An interesting story of people told from their alternating viewpoints - from before they met, through the time their lives intersected and then how their lives were changed through their meeting. I found Sammy's viewpoint fascinating - how people, especially short term missionaries, come in, take lots of pictures and then leave, without really trying to get to know the people. I also found his experiences coming to the United States interesting. The hard part for me was how easily the authors seemed to just run 26 miles like it was no big deal! I guess I like reading more than running! I received this book from bookfun.org in return for my honest opinion.
"Hope Runs" is a beautiful memoir written by Claire Diaz-Oritz and Samuel Ikua Gachagua. They each take a turn throughout the book giving their side of their story. There is much to be learned about life from an orphaned homeless boy in Kenya and a college aged woman that is traveling around the world.
When these two meet Claire thinks that she is there at the orphanage to help them, but she is amazed to realize how much she is learning from the children! As Claire and Sammy develop a close friendship they both realize that some of their stereo-typical beleifs about each other's countries, and lives, are very wrong. For example, to Sammy, telling a woman that she looks "fatter" is a large compliment, but to an American woman, that is an insult...so although they struggle a bit with cultural differences they eventually become very close.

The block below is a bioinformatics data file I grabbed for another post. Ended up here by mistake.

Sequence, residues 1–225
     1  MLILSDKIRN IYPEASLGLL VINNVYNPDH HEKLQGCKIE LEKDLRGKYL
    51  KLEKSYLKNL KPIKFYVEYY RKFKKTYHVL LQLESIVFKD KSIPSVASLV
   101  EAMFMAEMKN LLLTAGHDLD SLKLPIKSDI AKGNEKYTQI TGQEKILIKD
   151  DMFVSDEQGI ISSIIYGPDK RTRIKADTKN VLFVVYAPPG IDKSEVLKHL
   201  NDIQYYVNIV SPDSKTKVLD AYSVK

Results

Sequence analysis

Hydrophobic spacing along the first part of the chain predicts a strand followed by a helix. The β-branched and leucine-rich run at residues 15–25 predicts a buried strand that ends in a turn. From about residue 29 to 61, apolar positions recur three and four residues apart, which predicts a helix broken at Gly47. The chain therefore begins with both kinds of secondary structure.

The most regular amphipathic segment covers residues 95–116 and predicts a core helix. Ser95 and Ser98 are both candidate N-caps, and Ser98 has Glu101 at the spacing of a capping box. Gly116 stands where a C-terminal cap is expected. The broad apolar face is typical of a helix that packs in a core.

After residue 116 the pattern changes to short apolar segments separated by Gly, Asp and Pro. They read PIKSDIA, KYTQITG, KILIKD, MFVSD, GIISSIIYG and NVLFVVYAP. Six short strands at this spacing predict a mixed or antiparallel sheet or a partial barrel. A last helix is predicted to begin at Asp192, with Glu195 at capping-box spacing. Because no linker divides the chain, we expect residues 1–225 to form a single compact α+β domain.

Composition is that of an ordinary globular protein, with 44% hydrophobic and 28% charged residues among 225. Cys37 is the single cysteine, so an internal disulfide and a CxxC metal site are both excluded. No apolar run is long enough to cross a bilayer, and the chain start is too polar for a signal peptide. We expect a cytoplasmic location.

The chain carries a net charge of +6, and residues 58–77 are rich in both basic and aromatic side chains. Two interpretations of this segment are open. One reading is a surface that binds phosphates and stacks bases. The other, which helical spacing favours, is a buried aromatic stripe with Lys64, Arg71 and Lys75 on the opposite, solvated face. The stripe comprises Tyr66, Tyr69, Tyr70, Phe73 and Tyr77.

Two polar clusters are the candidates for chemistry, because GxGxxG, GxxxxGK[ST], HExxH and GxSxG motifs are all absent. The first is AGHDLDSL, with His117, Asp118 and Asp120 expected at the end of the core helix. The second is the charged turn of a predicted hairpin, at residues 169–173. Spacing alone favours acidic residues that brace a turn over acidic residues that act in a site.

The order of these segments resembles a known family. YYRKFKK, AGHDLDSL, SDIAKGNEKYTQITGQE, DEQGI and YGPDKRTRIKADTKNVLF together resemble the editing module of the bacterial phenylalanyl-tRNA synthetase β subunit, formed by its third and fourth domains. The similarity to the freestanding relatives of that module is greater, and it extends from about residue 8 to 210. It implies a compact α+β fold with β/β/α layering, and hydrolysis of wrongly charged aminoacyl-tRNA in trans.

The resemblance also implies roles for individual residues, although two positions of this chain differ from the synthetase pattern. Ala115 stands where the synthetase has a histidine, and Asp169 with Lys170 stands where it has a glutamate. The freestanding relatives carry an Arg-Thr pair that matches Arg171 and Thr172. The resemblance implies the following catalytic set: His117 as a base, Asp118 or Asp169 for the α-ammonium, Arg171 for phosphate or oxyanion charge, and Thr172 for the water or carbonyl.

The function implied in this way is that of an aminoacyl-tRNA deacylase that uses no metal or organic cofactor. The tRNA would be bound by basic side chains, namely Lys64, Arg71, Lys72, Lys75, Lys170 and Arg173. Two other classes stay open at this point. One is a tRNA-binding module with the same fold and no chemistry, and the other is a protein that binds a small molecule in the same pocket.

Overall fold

Claire's has a huge desire to bring Sammy to America and give him a chance that few Kenyan orphans ever get. A chance at a better education, and a chance to have an American family. This is a sweet story that contains a fair amount of information about life in Kenya what it can be like to truly be "hungry" for food, and also for love and acceptance.
I received this book from "The Book Club Network" in exchange for my honest opinion.